Do you understand what is required of you as a Manger or Employer regarding your “Duty of Care”?
The Occupational Safety and Health Act 1984 provides for the promotion, co-ordination, administration and enforcement of occupational safety and health in Western Australia. With the objective of preventing occupational injuries and diseases, the Act places certain duties on employers, employees, self-employed persons, manufacturers, designers, importers and suppliers.
The OSH Act
The Occupational Safety and Health (OSH) Act 1984 requires employers to provide a high standard of safety and health at their workplaces. This means that you need to ensure, as far as practicable, that your employees or workers, are not injured or harmed because of their work. This is called the employer’s ‘duty of care’.
Regulations are used to spell out the effect the specific requirements of the legislation, the Act. Regulations may outline minimum standards. They may have a more general application or they may define specific requirements related to a particular hazard (ie: noise) or a particular type of work (ie: spray painting). Regulations may also be in place for licensing or granting of approvals, certificates, etc. The new WA WHS regulations are expected to be introduced at some point, and these are likely to reflect some aspects of those in NSW and QLD.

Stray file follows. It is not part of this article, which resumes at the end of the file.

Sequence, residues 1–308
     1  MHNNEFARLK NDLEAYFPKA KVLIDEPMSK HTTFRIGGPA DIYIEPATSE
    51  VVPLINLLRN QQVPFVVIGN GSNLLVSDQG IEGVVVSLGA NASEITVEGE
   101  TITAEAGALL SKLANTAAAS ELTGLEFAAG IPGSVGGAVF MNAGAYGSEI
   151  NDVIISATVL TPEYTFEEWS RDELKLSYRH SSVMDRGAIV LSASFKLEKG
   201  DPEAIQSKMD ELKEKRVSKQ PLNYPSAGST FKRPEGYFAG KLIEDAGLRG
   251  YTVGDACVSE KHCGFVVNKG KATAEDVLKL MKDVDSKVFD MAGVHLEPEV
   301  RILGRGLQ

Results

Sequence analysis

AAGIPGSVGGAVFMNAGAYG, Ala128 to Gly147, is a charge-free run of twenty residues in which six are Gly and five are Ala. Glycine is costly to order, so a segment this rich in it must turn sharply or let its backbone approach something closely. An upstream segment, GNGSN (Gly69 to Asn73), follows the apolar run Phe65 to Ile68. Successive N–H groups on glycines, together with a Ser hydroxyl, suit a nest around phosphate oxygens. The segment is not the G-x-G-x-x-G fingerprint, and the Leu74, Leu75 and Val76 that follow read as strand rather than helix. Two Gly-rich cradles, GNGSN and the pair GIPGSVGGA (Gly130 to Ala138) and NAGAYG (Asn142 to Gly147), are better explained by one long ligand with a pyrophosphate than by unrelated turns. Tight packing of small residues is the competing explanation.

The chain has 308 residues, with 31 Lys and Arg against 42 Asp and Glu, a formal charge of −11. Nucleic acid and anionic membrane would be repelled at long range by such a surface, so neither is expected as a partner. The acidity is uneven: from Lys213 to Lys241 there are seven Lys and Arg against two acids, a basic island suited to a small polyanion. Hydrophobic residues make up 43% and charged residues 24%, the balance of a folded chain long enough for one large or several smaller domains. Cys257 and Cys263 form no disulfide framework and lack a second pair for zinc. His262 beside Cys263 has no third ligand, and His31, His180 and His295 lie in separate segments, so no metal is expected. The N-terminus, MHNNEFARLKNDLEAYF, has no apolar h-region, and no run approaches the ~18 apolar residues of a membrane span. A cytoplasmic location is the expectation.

Codes of practice
A code of practice is defined in the Act as a document prepared for the purpose of providing practical guidance on acceptable ways of achieving compliance with statutory duties and regulatory requirements. These should be followed, unless there is another solution which achieves the same or better result. They can be referred to to support prosecution for non-compliance.
Example of General Duties of Care
- Employers must provide a workplace where employees are not exposed to hazards
- Employers must provide a safe system of work
- Employees must take reasonable care for their own safety and health and that of others affected by their work
- Employers and self-employed people must, as far as practicable, look after their own safety and health and ensure that their work does not affect the safety and health of others
- Designers, manufacturers, importers and suppliers must provide plant which is safe to install, maintain and use at workplaces
- All plant must be installed or erected so it can be used safely
- Safety and health information must be supplied with all plant and substances used at work
- Employees and safety and health representatives must consult and co-operate in matters related to safety and health at work
- Employers must provide employees with information, instruction, training and supervision to allow them to work in a safe manner
A useful reference, from which this information is taken, is the WA Department of Commerce Guidance Note on “General Duty of Care in Western Australian Workplaces”. This also has a good section outlining Contractors and Sub-contractors safety and duty of care.